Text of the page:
While planning for tomorrow might appear to be foolish in the face of COVID-19, the Cooperative Baptist Fellowship must step forward in bold faithfulness, speakers and preachers said during CBF’s virtual General Assembly June 25-26.
The global pandemic itself sidelined the annual meeting that was to be held in downtown Atlanta — a 30-year tradition that centers as much on hallway and after-dinner conversation as keynote speakers and workshops.
Despite the absence of these one-on-one interactions, CBF leaders sought to generate warmth and relationship through the awkwardness and technical challenges of an online-only event.
Mary Alice Birdwhistell preached the closing session’s sermon from the front pew of Calvary Baptist Church in Waco, Texas, where she serves as pastor. She told the story of walking through a terminal illness with a beloved church member and feeling the sting of grief like she could not have imagined.
“Nothing could have prepared me for it,” she said, likening her emotions to those of the biblical character Joseph of Arimathea, who obtained Jesus’ body from the Cross and ensured his burial. While some critics would say Joseph showed up too late because Jesus already was dead, the truth is that he stepped out in boldness against the powers that ruled in that day, she said.
“What would it mean for us, like Joseph, to live boldly, even if to the rest of the world it looks like caring for something that already has been declared dead?” she asked.
The truth, she added, is that “resurrection can’t happen without a death. Something can’t be resurrected until it dies.”
In this time of global pandemic and religious transition, she said, faith communities ought to ask, “What is it within me, within us, within our fellowship that needs to die in order for God to create something new and beautiful?”
Birdwhistell asserted that must also include questioning what are the systems at work within the church that are doing more harm than good. “What is it that needs to die within us in order for God to resurrect something new?”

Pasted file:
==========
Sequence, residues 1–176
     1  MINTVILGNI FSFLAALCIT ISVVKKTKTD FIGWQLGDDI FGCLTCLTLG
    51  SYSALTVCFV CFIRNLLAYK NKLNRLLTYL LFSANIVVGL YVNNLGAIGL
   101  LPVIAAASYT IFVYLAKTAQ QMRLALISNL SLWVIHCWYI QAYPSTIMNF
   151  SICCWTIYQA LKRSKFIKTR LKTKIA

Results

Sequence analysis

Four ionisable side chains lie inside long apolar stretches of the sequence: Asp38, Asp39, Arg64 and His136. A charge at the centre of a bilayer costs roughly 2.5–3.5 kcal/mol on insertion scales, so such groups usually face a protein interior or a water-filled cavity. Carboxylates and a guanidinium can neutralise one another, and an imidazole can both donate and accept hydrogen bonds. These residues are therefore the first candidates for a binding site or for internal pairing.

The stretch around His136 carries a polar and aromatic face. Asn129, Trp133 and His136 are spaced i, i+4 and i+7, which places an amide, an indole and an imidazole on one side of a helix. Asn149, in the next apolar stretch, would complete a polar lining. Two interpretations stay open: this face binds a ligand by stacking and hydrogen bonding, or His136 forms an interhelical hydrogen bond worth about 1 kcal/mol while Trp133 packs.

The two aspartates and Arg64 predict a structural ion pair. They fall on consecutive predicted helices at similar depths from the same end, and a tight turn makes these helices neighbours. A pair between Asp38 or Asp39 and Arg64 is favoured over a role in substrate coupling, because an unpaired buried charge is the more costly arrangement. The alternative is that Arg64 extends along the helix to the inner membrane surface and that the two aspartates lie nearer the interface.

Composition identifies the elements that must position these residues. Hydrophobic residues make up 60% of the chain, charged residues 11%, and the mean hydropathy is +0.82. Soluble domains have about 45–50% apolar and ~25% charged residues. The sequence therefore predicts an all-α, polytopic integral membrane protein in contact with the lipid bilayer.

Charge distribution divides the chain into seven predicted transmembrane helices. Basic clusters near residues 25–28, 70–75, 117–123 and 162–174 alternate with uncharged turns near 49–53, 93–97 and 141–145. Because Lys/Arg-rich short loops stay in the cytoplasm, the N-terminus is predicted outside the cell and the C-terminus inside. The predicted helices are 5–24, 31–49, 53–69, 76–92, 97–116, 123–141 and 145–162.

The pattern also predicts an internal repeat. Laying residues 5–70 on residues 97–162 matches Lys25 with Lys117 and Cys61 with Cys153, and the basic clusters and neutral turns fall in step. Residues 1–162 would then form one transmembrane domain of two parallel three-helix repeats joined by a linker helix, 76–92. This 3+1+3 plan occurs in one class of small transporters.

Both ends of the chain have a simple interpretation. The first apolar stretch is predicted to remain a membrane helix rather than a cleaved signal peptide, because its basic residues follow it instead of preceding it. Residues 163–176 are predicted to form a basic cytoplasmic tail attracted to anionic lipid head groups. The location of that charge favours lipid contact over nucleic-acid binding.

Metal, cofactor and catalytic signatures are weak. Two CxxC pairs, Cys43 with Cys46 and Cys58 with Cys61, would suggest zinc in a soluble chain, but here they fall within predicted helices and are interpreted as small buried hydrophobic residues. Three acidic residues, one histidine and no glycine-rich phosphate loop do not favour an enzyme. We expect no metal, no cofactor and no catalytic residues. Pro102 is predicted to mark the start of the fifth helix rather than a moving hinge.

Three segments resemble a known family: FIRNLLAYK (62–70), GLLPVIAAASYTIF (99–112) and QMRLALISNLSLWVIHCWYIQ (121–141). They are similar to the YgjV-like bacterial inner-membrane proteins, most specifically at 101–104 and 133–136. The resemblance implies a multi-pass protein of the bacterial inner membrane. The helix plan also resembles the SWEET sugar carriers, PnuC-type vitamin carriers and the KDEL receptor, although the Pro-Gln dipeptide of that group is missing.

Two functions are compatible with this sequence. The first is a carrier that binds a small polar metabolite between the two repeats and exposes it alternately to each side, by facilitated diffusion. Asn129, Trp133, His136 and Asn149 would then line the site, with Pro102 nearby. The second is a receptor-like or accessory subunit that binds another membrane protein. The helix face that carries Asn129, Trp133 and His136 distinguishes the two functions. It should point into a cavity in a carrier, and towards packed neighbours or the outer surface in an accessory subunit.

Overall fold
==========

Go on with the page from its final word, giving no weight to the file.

Boldness and new life were constant themes in the two-day assembly, with business sessions focused on the current strategic input process called “Toward Bold Faithfulness.”
Outgoing Moderator Kyle Reese of Jacksonville, Fla., introduced the work already done and, along with Executive Coordinator Paul Baxley, outlined the second phase of gathering input that will lead to a new action plan for the Fellowship.
Reese announced appointment of a Collaborative Response Team that will take all the input gathered over months of inquiry and research and then present a recommendation to the CBF Governing Board.
The team includes Rick Bennett, coordinator, CBF Tennessee, Maryville, Tenn.; Matt Cook, assistant director, Center for Healthy Churches, Dallas; Susan Crumpler, co-coordinator, CBF North Central, Mason, Ohio; Juan Garcia, pastor, Primera Iglesia Bautista de Newport News, Va.; Larry Hovis, executive coordinator, CBF North Carolina, Winston-Salem, N.C.; Lauren McDuffie, associate pastor, First Baptist Church Morehead, Ky.; Carol McEntyre, pastor, First Baptist Church Columbia, Mo.; Heather Mustain, associate pastor, Wilshire Baptist Church, Dallas; Charles Qualls, pastor, Franklin Baptist Church, Franklin, Va.; Jeff Roberts, pastor, Trinity Baptist Church, Raleigh, N.C.; Amanda Tyler, executive director, Baptist Joint Committee, Washington, D.C.; Patricia Wilson, professor, Baylor Law School, Waco, Texas.
Due to the unknowns of the global pandemic and its long-term effect on church finances, the CBF Governing Board recommended postponing consideration of a 2020-2021 budget for three months. The current budget will be extended through that time.
In other business, a Baylor University law professor and lay leader was named moderator-elect. Patricia Wilson has been involved in CBF work for 15 years as a lay leader and deacon at Seventh and James Baptist Church in Waco.
At the conclusion of this year’s assembly, Carol McEntyre, pastor of First Baptist Church of Columbia, Mo., became moderator, succeeding Reese.